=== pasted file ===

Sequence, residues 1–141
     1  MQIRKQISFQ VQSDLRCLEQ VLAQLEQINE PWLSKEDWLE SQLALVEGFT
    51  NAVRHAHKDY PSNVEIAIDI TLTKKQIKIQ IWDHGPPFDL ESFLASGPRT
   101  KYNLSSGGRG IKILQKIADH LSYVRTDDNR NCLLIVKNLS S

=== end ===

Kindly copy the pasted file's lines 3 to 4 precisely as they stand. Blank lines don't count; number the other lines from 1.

    51  NAVRHAHKDY PSNVEIAIDI TLTKKQIKIQ IWDHGPPFDL ESFLASGPRT
   101  KYNLSSGGRG IKILQKIADH LSYVRTDDNR NCLLIVKNLS S